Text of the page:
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    Default ECB norms eased for power companies

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    Liberalising the external commercial borrowing (ECB) norms for power sector , the Centre on Wednesday said companies can now use up to 40 per cent of ***** to refinance their rupee debt, but the rest must be utilised for investments in new projects.

    Earlier, power companies were allowed to use only 25 per cent of the ECB to refinance their domestic rupee-debt loan.

    Also, the government opened the ECB route for capital expenditure on the maintenance and operations of toll systems in the roadways and highways sector provided these are part of the original project.

    Announcing implementation of the Budget announcements , Joint Secretary in the Finance Ministry (Capital Markets Division) Thomas Mathew said: "RBI is expected to issue relevant notifications within seven days giving effect to these Budget announcements".

    These are among the first of the announcements made in the Budget 2012-13 that are being implemented.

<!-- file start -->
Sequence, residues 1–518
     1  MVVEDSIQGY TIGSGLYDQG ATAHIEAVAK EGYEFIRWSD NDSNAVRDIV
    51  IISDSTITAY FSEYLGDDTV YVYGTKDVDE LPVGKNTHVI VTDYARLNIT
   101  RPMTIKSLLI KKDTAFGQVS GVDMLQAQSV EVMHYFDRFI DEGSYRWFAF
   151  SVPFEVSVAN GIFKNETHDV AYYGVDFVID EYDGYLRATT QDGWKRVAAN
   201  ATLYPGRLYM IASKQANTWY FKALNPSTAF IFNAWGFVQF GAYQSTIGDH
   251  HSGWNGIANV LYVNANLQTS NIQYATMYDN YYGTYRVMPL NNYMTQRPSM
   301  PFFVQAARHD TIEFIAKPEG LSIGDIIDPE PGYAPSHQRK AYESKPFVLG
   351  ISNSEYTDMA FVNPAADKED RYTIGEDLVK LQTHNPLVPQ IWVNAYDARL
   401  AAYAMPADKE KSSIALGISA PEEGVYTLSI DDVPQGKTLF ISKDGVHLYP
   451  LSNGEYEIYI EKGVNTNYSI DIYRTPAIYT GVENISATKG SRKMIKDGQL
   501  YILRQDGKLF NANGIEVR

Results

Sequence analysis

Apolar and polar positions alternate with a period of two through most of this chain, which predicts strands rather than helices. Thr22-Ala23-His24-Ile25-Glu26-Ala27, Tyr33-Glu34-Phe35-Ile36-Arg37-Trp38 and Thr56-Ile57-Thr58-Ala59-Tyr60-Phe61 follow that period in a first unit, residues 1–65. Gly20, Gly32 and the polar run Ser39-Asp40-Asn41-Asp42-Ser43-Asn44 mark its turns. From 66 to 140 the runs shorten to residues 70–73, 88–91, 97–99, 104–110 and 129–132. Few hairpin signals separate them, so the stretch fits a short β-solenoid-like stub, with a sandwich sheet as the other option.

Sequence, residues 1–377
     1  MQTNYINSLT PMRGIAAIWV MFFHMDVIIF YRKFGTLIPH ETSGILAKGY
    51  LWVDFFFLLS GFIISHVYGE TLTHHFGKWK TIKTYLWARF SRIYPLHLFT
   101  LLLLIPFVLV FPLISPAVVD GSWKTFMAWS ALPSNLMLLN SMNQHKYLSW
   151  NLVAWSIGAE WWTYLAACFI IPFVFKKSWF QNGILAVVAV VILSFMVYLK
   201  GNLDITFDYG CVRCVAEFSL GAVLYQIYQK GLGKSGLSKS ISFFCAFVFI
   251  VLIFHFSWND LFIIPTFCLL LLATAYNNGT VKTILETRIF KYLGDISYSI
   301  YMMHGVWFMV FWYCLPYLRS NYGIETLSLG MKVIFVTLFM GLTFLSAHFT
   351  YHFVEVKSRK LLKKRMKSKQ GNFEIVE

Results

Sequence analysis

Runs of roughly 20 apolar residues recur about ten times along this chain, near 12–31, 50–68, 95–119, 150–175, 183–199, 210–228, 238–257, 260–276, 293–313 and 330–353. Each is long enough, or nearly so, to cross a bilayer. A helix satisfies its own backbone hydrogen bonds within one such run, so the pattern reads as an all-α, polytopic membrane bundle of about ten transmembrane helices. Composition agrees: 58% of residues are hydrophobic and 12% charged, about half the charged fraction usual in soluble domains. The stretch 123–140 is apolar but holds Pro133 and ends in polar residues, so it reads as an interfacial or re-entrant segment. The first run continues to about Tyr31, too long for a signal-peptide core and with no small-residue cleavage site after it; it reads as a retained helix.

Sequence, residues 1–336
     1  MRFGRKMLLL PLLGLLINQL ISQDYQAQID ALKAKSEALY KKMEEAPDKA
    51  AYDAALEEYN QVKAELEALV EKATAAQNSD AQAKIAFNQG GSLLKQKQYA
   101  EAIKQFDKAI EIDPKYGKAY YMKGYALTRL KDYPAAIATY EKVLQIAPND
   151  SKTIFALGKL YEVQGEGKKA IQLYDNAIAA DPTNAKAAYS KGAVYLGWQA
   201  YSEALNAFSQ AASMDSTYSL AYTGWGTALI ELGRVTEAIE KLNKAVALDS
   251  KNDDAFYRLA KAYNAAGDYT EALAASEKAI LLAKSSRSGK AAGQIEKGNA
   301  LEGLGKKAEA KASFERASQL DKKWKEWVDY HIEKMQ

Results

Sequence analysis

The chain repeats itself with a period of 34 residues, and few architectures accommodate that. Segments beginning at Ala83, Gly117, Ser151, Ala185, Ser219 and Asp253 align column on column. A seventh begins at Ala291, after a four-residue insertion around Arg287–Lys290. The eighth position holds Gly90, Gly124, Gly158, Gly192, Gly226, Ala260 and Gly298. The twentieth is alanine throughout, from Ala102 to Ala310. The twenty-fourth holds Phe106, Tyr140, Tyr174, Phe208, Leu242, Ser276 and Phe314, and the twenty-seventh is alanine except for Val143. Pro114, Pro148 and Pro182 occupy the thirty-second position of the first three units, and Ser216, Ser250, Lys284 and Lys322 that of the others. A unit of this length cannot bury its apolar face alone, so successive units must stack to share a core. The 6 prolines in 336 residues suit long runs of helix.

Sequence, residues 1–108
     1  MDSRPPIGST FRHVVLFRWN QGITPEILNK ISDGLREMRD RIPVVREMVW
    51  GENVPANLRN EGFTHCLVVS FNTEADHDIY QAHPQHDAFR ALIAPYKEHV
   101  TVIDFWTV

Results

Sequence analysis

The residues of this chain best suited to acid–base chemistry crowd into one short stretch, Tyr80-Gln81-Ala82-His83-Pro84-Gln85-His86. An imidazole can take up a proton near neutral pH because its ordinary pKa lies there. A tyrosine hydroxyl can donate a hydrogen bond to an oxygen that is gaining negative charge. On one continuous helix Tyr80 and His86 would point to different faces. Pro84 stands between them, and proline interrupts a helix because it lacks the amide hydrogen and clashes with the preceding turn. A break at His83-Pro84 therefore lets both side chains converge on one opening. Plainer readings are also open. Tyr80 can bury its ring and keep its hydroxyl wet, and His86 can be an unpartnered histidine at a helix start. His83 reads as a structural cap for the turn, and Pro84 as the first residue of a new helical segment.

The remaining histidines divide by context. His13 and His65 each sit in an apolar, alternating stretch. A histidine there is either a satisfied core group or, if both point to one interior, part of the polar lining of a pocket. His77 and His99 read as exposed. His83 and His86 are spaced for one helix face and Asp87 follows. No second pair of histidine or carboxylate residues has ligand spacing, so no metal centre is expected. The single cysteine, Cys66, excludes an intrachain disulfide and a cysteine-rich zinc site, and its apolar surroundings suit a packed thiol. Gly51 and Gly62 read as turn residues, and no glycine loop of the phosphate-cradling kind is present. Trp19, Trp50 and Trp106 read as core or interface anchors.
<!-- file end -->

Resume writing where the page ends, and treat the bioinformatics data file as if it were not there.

Giving details, Mathew said that power companies will now be able to raise ECBs for refinancing their rupee debt up to maximum limit of 40 per cent, "provided the remaining 60 per cent of the ECB raised is utilised for investment in a new project".

    ECB, which totalled $35.9 billion in 2011-12, are considered attractive as cost of raising the loan is lower than that of domestic borrowings. Besides, ECBs give the borrowers an additional avenue to access to raise large amounts from global financial market.

    In view of the increasing capital requirement of the power sector, Finance Minister Pranab Mukherjee in his March 16 Budget speech, had announced the liberalisation for refinancing of rupee debt for the sector.

    The move would increase access to cheaper funds for companies in the power sector.

    In order to provide a fillip to the road sector and augment avenues for financing of such projects, Mukherjee had said ECB route would be allowed for maintenance and operations of toll systems.

    The policy decision, Mathew said, will provide an additional source of low-cost capital and encourage greater investment in road construction projects.

    The proportion of ECBs having maturity between 5 to 7 years has gone up from about 47 per cent in 2007-08 to almost 70 per cent in 2010-11. ECBs for infrastructure sector has gone up from 15.2 per cent in 2007-08 to 42.3 per cent in 2010-11.

 

 

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